The oceanic collection consists of sediment cores and dragged sediments, mainly collected by crews on the French ship, the Marion Dufresne. These samples help to improve our knowledge of the composition of the oceanic crust and the evolution of past climates.

The oceanic collection consists of around 700 marine sediment cores and 70 rock dredges , mainly from the Indian Ocean. Sediment cores can reach lengths of over 50 metres, representing a time interval in the Earth’s history. Depending on the sites where the samples are taken, this interval can vary from around ten thousand years to millions of years. Each core is then cut into sections of around 1.50 metres. They are preserved in 3 cold chambers in the basement of the Geology building, at a temperature of 7°C. In addition, dredges can represent a tonne of oceanic rocks from the seafloor. These are stored at ambient temperature.

The oceanic collection is very recent compared to the Muséum’s other collections. It was initiated in 1973 with the development of new tools that enabled deep sea coring. The boat Marion Dufresne 1, chartered by the FSAL (French Southern and Antarctic Lands) and built in 1972, developed a coring system in the 80s that could reach lengths of up to 30 metres. Currently the Marion Dufresne 2’s Calypso corer (commissioned in 1995) enables coring of up to 60 metres of sediment at depths of up to 5,000 metres. Since then other tools have been developed, like the CSAQ corer, which is still on board the Marion Dufresne 2 and is used to sample very large square cores.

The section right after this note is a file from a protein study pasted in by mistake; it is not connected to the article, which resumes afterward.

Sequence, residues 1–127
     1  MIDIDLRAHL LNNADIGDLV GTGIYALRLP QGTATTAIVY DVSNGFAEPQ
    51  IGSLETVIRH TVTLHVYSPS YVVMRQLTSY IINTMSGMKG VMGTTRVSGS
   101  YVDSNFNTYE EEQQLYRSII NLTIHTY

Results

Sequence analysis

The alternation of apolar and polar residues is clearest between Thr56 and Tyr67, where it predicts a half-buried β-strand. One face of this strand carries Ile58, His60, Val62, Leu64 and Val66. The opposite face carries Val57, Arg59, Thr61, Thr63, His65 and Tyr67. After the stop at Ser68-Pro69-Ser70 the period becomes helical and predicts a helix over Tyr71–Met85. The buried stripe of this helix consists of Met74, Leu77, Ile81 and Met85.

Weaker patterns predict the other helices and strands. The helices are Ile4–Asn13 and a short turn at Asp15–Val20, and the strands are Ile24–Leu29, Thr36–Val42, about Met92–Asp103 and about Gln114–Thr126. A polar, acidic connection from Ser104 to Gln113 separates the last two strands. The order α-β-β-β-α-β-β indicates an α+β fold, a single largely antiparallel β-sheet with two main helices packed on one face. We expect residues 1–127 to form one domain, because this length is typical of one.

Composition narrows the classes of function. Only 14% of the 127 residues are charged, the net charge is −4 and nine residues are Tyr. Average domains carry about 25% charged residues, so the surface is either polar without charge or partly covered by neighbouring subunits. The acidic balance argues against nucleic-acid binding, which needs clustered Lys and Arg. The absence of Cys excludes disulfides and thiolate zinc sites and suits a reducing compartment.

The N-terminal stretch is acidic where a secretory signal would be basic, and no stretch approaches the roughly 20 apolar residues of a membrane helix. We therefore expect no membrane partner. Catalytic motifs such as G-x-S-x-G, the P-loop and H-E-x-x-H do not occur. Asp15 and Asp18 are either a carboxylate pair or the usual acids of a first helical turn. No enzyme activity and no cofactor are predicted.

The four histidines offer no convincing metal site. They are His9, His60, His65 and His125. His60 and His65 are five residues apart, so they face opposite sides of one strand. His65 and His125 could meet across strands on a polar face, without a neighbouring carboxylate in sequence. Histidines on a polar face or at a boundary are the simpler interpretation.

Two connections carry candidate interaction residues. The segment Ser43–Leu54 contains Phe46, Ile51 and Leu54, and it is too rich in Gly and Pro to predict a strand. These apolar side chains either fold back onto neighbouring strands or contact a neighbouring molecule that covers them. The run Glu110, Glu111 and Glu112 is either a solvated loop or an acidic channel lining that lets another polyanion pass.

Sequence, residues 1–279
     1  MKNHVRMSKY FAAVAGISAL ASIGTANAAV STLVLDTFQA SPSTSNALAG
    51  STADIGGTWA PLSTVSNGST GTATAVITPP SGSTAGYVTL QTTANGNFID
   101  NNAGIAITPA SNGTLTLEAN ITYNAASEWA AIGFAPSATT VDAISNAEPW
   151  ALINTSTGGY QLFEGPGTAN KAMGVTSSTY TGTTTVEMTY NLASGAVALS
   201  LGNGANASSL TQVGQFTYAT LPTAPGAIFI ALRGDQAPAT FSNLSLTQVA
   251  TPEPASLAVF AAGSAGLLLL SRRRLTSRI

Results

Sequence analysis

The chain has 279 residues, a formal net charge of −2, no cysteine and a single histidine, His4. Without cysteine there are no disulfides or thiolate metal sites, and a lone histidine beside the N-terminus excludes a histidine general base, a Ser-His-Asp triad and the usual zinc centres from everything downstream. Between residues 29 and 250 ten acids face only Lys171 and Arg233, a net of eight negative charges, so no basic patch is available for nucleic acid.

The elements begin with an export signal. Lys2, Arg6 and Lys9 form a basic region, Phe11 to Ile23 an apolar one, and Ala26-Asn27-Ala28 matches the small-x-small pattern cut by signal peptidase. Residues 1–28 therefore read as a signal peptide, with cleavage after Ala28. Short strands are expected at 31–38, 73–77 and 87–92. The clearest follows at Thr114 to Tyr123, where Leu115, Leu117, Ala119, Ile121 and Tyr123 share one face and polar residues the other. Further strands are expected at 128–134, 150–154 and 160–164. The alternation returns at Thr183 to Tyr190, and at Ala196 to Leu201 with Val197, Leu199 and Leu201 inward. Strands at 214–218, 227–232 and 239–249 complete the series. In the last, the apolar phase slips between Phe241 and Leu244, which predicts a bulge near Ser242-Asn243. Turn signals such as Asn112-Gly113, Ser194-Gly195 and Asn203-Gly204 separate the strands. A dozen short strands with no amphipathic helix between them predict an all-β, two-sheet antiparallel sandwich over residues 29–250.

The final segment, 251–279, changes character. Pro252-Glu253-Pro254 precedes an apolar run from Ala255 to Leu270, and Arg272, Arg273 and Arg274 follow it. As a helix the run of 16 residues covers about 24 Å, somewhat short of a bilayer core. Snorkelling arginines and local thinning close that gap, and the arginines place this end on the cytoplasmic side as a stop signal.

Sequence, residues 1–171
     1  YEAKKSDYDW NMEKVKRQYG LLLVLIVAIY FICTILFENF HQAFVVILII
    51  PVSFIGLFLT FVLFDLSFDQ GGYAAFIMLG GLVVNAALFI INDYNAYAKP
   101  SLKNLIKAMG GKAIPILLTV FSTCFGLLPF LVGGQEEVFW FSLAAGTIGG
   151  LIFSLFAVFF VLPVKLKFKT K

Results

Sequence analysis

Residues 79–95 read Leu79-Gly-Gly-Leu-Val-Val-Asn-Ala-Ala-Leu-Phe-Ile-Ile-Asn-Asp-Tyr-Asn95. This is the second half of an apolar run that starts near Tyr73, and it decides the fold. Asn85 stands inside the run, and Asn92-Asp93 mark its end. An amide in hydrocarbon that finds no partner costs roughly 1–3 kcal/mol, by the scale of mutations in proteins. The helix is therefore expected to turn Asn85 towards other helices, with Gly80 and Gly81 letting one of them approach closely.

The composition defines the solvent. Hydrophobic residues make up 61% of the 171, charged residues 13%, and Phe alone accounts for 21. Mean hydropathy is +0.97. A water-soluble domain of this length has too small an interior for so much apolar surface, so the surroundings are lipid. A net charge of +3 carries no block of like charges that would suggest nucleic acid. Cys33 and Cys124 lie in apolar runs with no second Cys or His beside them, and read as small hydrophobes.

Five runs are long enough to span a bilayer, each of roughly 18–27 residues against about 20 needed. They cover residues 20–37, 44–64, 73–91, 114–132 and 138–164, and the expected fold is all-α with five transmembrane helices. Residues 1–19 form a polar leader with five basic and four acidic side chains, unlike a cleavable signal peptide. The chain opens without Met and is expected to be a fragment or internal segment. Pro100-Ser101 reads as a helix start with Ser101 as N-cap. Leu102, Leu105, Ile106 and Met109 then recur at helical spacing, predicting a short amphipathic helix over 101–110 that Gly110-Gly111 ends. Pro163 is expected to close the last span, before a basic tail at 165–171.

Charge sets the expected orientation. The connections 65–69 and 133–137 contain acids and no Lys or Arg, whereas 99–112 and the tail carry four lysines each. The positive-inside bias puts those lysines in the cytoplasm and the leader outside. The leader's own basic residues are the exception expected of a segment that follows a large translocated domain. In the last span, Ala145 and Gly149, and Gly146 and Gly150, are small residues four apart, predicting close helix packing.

The purpose of this collection is mainly scientific research. However, a few samples have also been the subject of exhibitions inside and outside of the Muséum. Ocean cores form the basis for palaeoclimatic studies (study of ancient climates). The sediment’s mineralogical composition and the many microfossils it contains enable us to learn about and reconstruct the climate and oceanic conditions of the past. Only half of the core (the work sections) is used for sampling, and the other half is stored (archive sections) and only used rarely. Moreover, the samples resulting from dragging are made up of rocks (basalts, peridotites, gabbros, etc.) from mid-ocean ridges and polymetallic nodules. The latter are millimetric or centimetric spherules formed of concentric circles of iron and manganese hydroxides around a core. They are rich in copper, nickel and cobalt.